Today’s Miles: 17.7
Total Miles: 3,289.5
Near Happingen, Germany – December 15, 2016
Moni led me through the streets of Freiburg toward the old cathedral. Small waterways, almost like gutters, flowed down the streets. They used to keep a fresh supply of water for the city’s tanners. The tanners are gone, but the water still flows, waiting for a person to trip into them. Legend says you’re fated to marry someone from Freiburg if you do.
The cathedral’s tower rose up like a shadow, almost disappearing in the morning fog. It stared down at the market below as we passed fruit stalls and a line of vendors selling sausages. I wondered how long the market had been there. It could be as old as the cathedral’s first stones, maybe older.
We stopped at a meat vendor to buy thin strips of black forest ham then headed to a cheesecake stand. I stared at the glass case and the round cakes inside. It was a good thing Moni didn’t tell me about them until I was about to leave Freiburg. I might have eaten myself to death.
“Let me buy you the cheesecake,” Moni said. “So I can be a trail angel.”
Three months earlier, she was the thru-hiker, taking her last steps to the Canadian border on the Continental Divide Trail. Her boyfriend Johnny joined her for the last thousand miles or so. I’d never met either of them, but back in Colorado, Moni stayed at the house of another thru-hiker that I know, someone else who I haven’t met in person, who put us in touch. It’s a long constellation of moments to go from Salida, Colorado to cheesecake under the cathedral’s tower in Freiburg, but that’s how trail family is, a constellation with each of us connected somewhere, stretching across the starry sky.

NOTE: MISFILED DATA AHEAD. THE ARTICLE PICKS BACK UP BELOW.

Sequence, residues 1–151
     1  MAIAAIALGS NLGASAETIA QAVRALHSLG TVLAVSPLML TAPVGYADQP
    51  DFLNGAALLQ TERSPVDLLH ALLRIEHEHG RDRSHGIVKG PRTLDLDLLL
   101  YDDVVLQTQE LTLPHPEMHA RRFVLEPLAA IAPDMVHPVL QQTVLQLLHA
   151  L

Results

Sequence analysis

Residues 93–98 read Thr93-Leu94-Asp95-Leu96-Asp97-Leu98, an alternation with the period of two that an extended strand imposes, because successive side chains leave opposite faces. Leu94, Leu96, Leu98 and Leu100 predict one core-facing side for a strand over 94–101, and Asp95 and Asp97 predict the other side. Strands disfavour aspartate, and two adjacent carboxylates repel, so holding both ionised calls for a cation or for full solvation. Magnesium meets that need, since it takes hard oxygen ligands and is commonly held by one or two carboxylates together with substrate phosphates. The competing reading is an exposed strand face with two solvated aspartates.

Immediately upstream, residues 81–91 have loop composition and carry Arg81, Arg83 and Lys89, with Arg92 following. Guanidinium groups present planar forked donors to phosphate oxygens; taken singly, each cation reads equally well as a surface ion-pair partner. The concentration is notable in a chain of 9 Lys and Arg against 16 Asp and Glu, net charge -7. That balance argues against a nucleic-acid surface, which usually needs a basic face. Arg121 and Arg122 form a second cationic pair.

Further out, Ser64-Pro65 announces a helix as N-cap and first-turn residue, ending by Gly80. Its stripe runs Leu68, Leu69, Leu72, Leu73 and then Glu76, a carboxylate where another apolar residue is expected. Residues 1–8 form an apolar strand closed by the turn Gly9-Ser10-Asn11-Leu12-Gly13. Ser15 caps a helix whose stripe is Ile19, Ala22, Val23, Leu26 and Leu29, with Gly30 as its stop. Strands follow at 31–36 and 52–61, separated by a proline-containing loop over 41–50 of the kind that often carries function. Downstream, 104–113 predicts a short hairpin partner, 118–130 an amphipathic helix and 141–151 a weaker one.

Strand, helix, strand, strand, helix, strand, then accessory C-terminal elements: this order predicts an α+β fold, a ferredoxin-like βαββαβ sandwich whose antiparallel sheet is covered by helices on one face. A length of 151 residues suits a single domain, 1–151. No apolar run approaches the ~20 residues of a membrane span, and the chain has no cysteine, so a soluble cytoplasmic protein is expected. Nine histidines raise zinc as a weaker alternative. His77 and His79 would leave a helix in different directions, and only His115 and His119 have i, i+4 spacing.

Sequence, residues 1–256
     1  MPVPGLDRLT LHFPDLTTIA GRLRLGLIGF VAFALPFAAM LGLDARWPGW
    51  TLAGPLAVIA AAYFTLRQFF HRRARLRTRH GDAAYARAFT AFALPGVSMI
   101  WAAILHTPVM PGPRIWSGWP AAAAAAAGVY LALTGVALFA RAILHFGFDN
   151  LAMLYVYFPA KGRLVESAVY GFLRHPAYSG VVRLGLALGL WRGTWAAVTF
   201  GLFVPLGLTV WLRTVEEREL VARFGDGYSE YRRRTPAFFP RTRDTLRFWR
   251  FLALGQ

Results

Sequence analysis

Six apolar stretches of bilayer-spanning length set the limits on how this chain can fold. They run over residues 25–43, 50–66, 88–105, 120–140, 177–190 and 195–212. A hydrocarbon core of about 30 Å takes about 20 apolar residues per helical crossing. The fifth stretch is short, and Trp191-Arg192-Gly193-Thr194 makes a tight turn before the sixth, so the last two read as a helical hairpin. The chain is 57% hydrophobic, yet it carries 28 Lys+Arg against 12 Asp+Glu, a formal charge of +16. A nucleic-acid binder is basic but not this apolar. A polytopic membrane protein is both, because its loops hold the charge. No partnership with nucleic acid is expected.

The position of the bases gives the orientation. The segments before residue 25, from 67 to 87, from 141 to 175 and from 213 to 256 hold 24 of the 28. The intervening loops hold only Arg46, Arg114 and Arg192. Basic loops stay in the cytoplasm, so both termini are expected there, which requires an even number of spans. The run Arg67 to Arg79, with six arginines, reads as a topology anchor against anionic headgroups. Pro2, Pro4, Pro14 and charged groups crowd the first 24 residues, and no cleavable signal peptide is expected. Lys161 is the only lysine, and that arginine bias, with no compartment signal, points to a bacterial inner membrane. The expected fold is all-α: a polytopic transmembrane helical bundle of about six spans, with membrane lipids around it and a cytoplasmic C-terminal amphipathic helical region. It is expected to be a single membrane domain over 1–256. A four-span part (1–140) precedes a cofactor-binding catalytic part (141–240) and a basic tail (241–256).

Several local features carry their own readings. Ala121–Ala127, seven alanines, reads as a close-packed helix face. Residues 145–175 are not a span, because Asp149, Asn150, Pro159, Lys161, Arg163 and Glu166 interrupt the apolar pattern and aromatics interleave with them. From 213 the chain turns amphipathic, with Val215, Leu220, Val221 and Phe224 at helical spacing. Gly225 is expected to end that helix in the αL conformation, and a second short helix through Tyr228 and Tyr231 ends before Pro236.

The Divide is a different trail than this. It’s a different trail than the Appalachian or Pacific Crest too. But they share the family. It’s easy to feel at home with a fellow thru-hiker. We have the same stories and places and moments that we understand, that don’t need to be explained, that can’t be, that can only be earned by thousands of miles.
We have all faced the hard days, the moments of doubt, and stared them down. We all looked up that first day and barely believed the end was possible, that it waited for us somewhere far, far away. We all put our shoes back on day after day. We suffered, we cried, we bled, we laughed. We saw beautiful things. We made friends for life. We felt our bodies change. We drank and ate like mad. We called each other silly names like Out of Order, Cheezy, and Princess of Darkness. We crossed deserts and watched mountains rise from the horizon. And we all walked those last steps and felt sad and happy and terrified that we’d reached the end.
I gave Moni a hug goodbye outside her apartment. I’d stayed for three nights and knew I had to keep going. That’s how it is, I can’t stop for long. I have to go until the end. I want to go. I need to. That’s what it is to be a thru-hiker.
You have to go, even if it means saying goodbye to the the first person you’ve seen in three thousand miles who understands.